While I am all for the legalization and regulation of alcohol, tobacco and marijuana — and of course, caffeine — I strongly disagree with the idea of legalizing the rest of the illegal drug family.
Marijuana is not addictive. And although alcohol and tobacco are, they are too widespread to ban. We know from Prohibition that such a ban is not effective.
The Netherlands’ approach to drug regulation differentiates between “hard drugs” and “soft drugs” by their degree of addictiveness. With all of the success the Netherlands has had with its legalization of marijuana, why not move on to cocaine, heroin and crystal meth?
The above-mentioned drugs are notoriously addictive and harmful. The science is simple: cocaine causes dopamine to build up in the brain synapses which results in a high.
Even 10 percent of a country using cocaine once it is legalized, which means 10 percent of the population incapacitated by cocaine withdrawal, is unimaginable. Whatever economic benefit gained by taxing the consumption of such drugs is evened out by the reduction of productive human resources. For instance, in 2011 tobacco was the largest cause of preventive deaths and resulted in $97 billion of loss in productivity. What draconian tax must the government collect to make up for that?
And if you are to be fooled by the fact that taxation can discourage drug use, don’t be. Taxation does little to hold down drug usage rates. For instance, the rise of an exorbitant U.S. cigarette tax in the last decade hasn’t effected the percentage of smokers in the United States, which hovers around 20 percent.
Even if we disregard health detriments of drug use, what about the moral aspect of it? For this, I have thought long and hard. There isn’t a moral argument against drug use — it’s a matter of personal choice. But, if an individual is truly addicted to a drug — which is astonishingly easy with the likes of cocaine, heroine and methamphetamine — then he is a slave to it. It is like hunger. A person cannot choose to be hungry or not. Drug addiction is akin to violating a basic human right — no one should be held in slavery or servitude.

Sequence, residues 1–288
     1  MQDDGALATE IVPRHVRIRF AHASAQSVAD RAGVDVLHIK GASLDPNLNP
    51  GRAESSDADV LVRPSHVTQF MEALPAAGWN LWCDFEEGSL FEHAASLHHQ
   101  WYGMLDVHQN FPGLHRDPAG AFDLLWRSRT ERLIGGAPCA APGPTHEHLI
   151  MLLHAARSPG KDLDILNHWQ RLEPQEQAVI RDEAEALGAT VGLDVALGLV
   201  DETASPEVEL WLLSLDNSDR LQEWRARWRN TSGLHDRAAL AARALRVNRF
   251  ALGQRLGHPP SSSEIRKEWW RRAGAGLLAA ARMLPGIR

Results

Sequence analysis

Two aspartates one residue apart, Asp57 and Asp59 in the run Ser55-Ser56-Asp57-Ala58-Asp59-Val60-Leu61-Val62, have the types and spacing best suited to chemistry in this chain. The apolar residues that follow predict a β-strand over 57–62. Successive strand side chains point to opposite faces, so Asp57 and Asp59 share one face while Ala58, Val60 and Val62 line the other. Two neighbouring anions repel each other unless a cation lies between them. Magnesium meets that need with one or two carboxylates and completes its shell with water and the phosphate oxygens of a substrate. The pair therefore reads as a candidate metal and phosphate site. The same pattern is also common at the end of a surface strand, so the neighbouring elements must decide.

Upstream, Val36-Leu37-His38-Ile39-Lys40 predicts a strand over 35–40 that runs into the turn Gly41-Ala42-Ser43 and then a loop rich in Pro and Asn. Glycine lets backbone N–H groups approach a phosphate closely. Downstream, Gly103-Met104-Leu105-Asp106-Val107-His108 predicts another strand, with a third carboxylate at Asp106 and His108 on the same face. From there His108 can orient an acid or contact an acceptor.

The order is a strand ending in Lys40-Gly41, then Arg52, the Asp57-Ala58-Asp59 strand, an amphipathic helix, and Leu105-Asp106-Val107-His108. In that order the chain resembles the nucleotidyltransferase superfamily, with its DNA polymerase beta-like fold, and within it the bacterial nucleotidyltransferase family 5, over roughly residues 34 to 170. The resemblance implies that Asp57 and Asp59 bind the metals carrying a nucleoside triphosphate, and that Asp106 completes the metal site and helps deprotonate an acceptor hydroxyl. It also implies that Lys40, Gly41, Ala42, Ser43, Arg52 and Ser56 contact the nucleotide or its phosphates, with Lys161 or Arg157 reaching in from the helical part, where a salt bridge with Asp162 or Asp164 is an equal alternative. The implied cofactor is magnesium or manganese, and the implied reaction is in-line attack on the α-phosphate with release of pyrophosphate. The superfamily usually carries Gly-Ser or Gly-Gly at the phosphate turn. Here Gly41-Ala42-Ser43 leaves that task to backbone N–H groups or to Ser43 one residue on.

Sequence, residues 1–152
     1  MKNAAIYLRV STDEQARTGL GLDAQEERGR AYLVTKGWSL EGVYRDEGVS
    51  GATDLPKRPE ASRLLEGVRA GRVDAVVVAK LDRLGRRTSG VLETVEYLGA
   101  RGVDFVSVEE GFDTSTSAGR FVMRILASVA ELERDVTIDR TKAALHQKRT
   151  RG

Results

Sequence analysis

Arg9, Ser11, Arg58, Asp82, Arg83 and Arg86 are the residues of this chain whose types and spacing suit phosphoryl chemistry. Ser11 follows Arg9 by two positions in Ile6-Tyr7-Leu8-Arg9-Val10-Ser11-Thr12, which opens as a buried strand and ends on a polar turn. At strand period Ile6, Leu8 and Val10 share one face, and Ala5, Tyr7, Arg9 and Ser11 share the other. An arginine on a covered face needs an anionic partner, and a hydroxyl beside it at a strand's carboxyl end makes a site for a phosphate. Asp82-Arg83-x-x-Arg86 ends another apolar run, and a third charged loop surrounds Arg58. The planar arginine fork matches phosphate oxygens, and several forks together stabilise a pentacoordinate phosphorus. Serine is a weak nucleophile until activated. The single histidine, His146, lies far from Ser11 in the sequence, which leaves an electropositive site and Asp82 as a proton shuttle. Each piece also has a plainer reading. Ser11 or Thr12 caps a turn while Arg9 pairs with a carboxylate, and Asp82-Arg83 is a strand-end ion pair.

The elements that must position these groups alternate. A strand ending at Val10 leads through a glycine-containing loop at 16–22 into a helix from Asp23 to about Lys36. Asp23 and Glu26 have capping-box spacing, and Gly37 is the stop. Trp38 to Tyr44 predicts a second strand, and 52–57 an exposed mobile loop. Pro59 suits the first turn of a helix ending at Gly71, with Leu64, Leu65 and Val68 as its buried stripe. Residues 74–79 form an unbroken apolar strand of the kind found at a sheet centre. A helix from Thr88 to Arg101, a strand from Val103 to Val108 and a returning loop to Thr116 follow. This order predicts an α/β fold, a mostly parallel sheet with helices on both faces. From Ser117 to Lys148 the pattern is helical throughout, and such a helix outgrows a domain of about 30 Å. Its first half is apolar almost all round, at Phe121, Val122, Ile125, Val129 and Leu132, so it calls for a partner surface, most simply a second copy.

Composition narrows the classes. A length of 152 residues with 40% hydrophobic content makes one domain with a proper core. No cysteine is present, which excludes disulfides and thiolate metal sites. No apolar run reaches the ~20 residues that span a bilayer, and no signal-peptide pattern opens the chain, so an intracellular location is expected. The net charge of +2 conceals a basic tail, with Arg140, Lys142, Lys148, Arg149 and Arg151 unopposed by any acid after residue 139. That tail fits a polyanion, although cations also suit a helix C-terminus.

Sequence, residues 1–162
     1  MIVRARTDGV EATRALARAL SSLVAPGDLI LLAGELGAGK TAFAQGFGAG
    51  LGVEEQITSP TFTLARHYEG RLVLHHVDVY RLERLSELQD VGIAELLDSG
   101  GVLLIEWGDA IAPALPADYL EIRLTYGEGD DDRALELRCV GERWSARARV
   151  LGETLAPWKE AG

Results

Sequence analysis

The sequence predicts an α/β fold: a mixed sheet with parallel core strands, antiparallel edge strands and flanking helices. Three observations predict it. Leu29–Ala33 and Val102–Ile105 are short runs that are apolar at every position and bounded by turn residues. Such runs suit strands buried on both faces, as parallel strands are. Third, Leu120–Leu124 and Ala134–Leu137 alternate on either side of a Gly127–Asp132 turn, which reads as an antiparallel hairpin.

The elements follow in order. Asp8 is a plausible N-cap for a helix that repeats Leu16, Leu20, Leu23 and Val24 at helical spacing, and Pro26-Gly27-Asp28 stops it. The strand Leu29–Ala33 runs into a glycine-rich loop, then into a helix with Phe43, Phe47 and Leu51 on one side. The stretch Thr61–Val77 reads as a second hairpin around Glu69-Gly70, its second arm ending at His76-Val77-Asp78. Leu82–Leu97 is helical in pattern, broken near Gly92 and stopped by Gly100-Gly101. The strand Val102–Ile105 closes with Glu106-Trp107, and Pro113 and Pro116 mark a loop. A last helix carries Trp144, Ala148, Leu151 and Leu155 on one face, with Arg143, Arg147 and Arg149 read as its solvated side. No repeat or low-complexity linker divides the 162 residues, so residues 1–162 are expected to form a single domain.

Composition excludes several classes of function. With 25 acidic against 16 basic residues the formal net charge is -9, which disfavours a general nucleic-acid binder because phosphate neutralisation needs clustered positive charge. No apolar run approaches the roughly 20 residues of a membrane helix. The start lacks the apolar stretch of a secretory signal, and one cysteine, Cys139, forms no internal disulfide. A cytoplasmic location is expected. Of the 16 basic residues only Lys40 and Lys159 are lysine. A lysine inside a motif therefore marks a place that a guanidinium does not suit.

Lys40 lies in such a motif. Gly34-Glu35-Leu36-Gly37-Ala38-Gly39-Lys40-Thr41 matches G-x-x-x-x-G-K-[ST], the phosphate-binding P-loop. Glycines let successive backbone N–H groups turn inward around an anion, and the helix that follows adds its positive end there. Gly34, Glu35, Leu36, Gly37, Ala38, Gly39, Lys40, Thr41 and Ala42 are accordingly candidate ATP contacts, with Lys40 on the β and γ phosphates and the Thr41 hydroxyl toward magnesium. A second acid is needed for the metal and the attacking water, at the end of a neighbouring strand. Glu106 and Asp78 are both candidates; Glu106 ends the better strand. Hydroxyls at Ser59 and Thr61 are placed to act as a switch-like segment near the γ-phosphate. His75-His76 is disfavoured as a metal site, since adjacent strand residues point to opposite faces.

Thus, the competing interests at play here are personal liberty and societal morality. When these interests come into conflict, you have go with the one that produces least harm. The legalization of such dangerous drugs condones the existence of a parasite upon society, and produces more harm than good.
I cannot pretend to know which specific drug reforms need to take place, but legalization of all drugs is not the answer.
A version of this article appeared in the Wednesday, Feb. 13 print edition. Robin Huang is a contributing columnist. Email him at firstname.lastname@example.org.
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